tracksMitzi, a portfolio manager with a regional insurance provider, was sent into a project that had been underway for a couple of years. “It was behind its deadlines, way over budget, and the team was pretty demoralized on it because all they heard about were all the failures.”

How do you get a project like that back on track? Instead of continuing down a path that was going nowhere, she went for a reboot. “We stopped thinking about it as a huge failure and started thinking about it as a foundation. We went in and said, ‘If we’re going to do this right, how would we do it? Forget what we did yesterday. What would we do?'”

In other words, the team “scrapped the whole approach.” They were using waterfall but shifted to agile instead. “We re-platformed and rebranded the whole thing, the team got reinvigorated, and we found success.”

It’s a new year, but like Mitzi, maybe you’re stuck with the same old project. How do you overcome failure? During a recent PMI Symposium, we asked seven experts for advice. Here’s how they tackle the problems.

Tap Internal Know-how

Irene, a program manager at a healthcare organization in New York, recommends getting to know the people on the project. “Lots of times they’re under-utilized,” she says. “I find when you get to know them and you take the time to talk to them, they really have a wealth of information,” which could be used, she pointed out, to pull a project back from the brink.

For example, one project she worked on was installing an editing tool for claims that get processed. It was only during the testing phase that she found out the “business owner” of the tool wasn’t the person who works on the claims database. Actual users “should have been involved in the requirements phase because they had great insight. We could have done things differently if we’d talked to them originally.”

Broadcast the Urgency

Mike, who works in a pharmaceutical PMO in Minnesota, said the best thing he’s ever done on a project that “required additional overtime and required all-hands-on-deck” was to fill the department fridge with Jolt Cola and Mountain Dew.

“Mentally it made a difference,” he recalls. “I don’t know if people are really gung-ho about drinking twice the caffeine; but it showed the urgency and importance of the project, and that the PMO was behind the team to accomplish those activities.”

Ask for Help

Melissa, a portfolio manager at a major regional utility, believes in going straight to the top when things head south. “Getting your executive involved makes a huge difference,” she says.

But she doesn’t go cold-calling. She was advised early in her career to “ask lots of questions” and to set up regular meetings with the business sponsor to begin with. That allows her to understand, “what’s the stuff I have free reign over and what’s the stuff [he or she] wants me to check in on.”

Over time, she’s learned how to determine which events needed to be “escalated,” because they “could cause the project to stop in its tracks.”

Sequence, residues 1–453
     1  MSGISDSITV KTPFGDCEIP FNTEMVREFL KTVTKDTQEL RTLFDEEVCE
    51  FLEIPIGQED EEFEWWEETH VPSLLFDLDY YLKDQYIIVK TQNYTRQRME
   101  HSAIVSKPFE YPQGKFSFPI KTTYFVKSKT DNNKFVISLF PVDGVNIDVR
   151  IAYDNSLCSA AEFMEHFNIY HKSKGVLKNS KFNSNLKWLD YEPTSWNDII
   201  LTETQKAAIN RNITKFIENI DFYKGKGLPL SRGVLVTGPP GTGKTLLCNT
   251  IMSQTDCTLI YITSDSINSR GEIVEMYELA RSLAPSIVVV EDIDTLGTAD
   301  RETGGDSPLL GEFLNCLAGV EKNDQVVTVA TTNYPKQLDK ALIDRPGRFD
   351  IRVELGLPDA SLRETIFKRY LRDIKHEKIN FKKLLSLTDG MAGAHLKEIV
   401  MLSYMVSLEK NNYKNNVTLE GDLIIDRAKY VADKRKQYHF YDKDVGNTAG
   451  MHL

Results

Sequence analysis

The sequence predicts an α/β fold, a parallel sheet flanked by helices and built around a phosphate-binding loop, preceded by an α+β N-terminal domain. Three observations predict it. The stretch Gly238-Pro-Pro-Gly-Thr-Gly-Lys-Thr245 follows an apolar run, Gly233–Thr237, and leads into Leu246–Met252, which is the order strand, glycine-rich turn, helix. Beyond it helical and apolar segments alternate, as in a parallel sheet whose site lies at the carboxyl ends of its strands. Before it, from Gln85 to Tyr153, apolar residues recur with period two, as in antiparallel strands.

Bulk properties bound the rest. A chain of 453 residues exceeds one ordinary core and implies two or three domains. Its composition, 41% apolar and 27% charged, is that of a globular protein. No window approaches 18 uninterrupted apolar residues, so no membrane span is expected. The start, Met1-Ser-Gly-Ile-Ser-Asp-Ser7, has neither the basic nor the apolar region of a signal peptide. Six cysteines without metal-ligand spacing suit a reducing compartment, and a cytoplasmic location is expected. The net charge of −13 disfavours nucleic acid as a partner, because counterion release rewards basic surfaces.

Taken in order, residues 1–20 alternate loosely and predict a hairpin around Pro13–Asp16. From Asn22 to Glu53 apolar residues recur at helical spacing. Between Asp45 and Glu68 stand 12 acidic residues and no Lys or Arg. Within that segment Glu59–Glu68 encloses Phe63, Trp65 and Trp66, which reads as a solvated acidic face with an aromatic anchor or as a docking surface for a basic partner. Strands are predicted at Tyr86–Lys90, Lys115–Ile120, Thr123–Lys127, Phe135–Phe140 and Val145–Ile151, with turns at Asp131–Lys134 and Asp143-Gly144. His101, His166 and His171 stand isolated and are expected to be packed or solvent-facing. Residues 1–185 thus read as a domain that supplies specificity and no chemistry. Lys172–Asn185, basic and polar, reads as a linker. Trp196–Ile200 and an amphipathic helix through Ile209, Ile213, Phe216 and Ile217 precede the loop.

Also, this PMP tends to take possible solutions into those meetings when she can, but her approach is to be open minded: “Here are the steps we’re taking. Is there anything else you think we should be doing?”

“You can’t pretend to know the answers,” she notes. “If you’re really stuck, that means you’re at the point where you need some help or you’re going to be at that point.”

And sometimes there are no answers for her to bring to her sponsors, “because something side-swiped us from someplace else.” In those cases, her job is to encourage people to come together, figure out what happened and determine the risk. From there, it’s up to the executives to make the decision about what should happen next.

Remind People Why the Project Matters

Sometimes you need to make sure the project gets off to a good start. Suman, a PMO director in a global service provider, makes sure that the project has been represented to its participants not as a series of deadlines and tasks, but as something that’s going to serve a purpose. Many of the projects where he’s been involved do that by having the team members create a joint vision statement in order to help understand the impact it’s going to have when it’s finished.

“That’s so people can relate to it, so it doesn’t remain a programming exercise,” he explains. “It’s something that is going to improve the quality of life for an individual. Those are the things that make a big difference.”

To make sure the vision statement “sticks,” it’s printed on a small card and stuck up in everybody’s cubicle “as a daily reminder.”

Understand Your Stakeholders

Bryan, who runs the PMO for a national organization focused on affordable housing, makes sure he gets to know his stakeholders. Doing so ensures that when a project hits bumps, the PMO will understand what motivates them, what they’re “ultimately looking for,” and therefore what the best resolution would be.

That kind of relationship-building doesn’t happen in meetings, he emphasizes, because those are focused on the business at hand. “Most of the time it’s walking around, stopping and saying, ‘Hey, how are you doing?'”

Kill Early and Often

Of course, sometimes projects need to step off the ledge. As Dave, the head of a PMO for a manufacturer in Wisconsin, suggested, when managing a wayward project, you shouldn’t wait. “Do it now. Take that project by the horns, figure out what’s wrong with it, and either get it back on track, put it on hold or kill it.”

If you ignore the problems, he adds, “It’s going to continue to burn cycles.”

His preferred approach is to use a steering committee to prioritize work and then “cancel projects helpfully.”

 

Image courtesy of Mark Fischer — CC 2.0